Looking outside the U.S., foreign markets earned less than half as much as the U.S. in U.S. dollars, delivering a 2.7 percent return, led by Canada and Europe ex-UK, each with 8.5 percent returns. Europe ex-UK benefitted from a weakening dollar, so currency effects added 5 percent in the quarter. Several regions lost value in the quarter: Japan, emerging markets and Latin America. For Japan, which lost 3.5 percent, it was a continuation of a decade-long sequence of disappointing returns, in this case caused by the earthquake and nuclear reactor problems. For emerging markets and Latin America, this quarter marked a reversal because these regions had been leading foreign markets. As a result, the EAFE index, which had been lagging the total foreign market for some time, was in line with the total market for the quarter.



Now you have several frameworks for evaluating investment manager performance in the first quarter of 2011. But this is only one small aspect of the overall due diligence process — a process which should be forward looking, focused on developing confidence in managers’ abilities to add value. After all, clients always have the choice between active and passive management. Your recommendations of active managers are very important, which is good, and they are likely to become much more important.
Investment manager due diligence is no longer a joke

Investment manager selection will become a matter of fiduciary responsibility if the Department of Labor has its way. In October of last year, the DOL recommended a change to a 35-year fiduciary exclusion. In the future, all advice regarding the selection of securities and/or investment managers would be a fiduciary act subject to fiduciary liability. In other words, advisers need to perform real due diligence. As is usual in fiduciary matters, ignorance is not bliss.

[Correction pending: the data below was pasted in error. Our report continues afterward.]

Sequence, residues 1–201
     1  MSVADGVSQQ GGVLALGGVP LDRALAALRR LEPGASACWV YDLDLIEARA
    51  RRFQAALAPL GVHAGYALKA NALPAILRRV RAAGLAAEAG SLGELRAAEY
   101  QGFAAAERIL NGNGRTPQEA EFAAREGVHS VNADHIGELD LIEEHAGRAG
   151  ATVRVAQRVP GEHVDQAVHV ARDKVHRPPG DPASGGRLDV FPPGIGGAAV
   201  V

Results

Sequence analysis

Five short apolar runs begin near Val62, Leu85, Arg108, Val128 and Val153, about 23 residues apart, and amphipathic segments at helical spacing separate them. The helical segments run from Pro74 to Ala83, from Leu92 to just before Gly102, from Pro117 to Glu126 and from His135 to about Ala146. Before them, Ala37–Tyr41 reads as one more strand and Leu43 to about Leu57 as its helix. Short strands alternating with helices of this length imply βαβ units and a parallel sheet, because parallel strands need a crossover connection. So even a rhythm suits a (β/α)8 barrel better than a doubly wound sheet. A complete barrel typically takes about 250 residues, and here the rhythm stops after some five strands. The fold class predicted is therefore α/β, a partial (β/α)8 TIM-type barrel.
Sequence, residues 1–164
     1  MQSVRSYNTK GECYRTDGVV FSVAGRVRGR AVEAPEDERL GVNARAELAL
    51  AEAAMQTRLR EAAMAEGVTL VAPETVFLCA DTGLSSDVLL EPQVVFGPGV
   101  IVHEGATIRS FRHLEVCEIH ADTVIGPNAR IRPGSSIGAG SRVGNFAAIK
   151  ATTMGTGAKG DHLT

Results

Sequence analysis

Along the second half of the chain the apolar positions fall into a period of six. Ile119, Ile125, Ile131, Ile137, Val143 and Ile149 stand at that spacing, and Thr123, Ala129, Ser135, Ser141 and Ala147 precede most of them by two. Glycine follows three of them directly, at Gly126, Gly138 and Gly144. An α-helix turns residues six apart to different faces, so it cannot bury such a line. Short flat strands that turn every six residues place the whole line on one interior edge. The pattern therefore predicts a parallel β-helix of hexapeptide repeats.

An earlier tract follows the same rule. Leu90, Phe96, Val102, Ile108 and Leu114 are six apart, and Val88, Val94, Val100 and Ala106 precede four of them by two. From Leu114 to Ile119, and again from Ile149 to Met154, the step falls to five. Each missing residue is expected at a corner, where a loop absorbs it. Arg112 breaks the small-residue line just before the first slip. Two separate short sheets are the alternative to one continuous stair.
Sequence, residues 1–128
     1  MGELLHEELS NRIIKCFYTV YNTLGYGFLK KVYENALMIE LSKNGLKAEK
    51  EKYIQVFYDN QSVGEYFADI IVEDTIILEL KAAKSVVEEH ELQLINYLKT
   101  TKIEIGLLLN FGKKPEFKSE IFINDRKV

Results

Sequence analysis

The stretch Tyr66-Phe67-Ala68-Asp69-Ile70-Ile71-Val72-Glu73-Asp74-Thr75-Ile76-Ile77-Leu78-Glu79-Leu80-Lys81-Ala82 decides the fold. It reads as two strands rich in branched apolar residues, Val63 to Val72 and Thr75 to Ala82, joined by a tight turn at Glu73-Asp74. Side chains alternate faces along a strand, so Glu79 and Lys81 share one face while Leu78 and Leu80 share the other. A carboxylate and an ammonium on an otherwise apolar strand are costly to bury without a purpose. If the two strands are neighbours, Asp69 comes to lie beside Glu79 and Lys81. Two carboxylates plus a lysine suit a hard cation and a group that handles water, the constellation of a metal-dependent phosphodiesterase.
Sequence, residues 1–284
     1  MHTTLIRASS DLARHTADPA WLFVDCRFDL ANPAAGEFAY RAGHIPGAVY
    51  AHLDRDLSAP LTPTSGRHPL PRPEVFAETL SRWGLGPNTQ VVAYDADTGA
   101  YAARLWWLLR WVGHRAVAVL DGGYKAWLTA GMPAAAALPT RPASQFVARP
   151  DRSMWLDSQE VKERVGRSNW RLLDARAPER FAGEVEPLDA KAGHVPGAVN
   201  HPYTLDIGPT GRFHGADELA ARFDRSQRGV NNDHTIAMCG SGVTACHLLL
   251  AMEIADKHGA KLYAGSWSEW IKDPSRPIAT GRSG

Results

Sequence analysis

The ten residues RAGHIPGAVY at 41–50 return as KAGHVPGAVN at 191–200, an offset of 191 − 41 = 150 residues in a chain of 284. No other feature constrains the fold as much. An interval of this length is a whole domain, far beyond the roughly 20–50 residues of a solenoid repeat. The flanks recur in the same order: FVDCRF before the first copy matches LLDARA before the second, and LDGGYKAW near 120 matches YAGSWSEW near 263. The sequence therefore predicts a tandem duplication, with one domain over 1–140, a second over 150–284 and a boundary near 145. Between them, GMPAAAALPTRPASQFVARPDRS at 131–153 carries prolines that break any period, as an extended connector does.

DEPARTMENT OF LABOR
    Employee Benefits Security Administration
    29 CFR Part 2510
    RIN 1210-AB32
    Definition of the Term "Fiduciary"

    AGENCY: Employee Benefits Security Administration, Labor.
    ACTION: Proposed rule. October 21, 2010

    The proposal amends a thirty-five year old rule...

    Under paragraph (c)(1)(i)(A) of the proposal, the types of advice and recommendations that may result in fiduciary status under ERISA section 3(21)(A)(ii) are:...

    Advice or recommendations as to the management of securities or other property.
Most client-facing advisers trust others to screen investment managers, and this trust is being implemented more and more through outsourced due diligence. This is a joke. You frequently hear laughable sayings like, “I have never met a money manager who has performed below median,” or, “Every manager wins against the right benchmark.” But clients aren’t laughing, and neither is the Department of Labor.

Advisers need to take back control of due diligence by following a straightforward process:
    1. Acknowledge that there are problems
    2. Care enough to fix them
    3. Fix them
The problem

The key problem with manager due diligence is laziness. You just don’t care enough to do the job right. Einstein said, “Everything should be as simple as possible, but no simpler.” You’ve made due diligence way too simple. You make poor decisions as a result.

Why you should care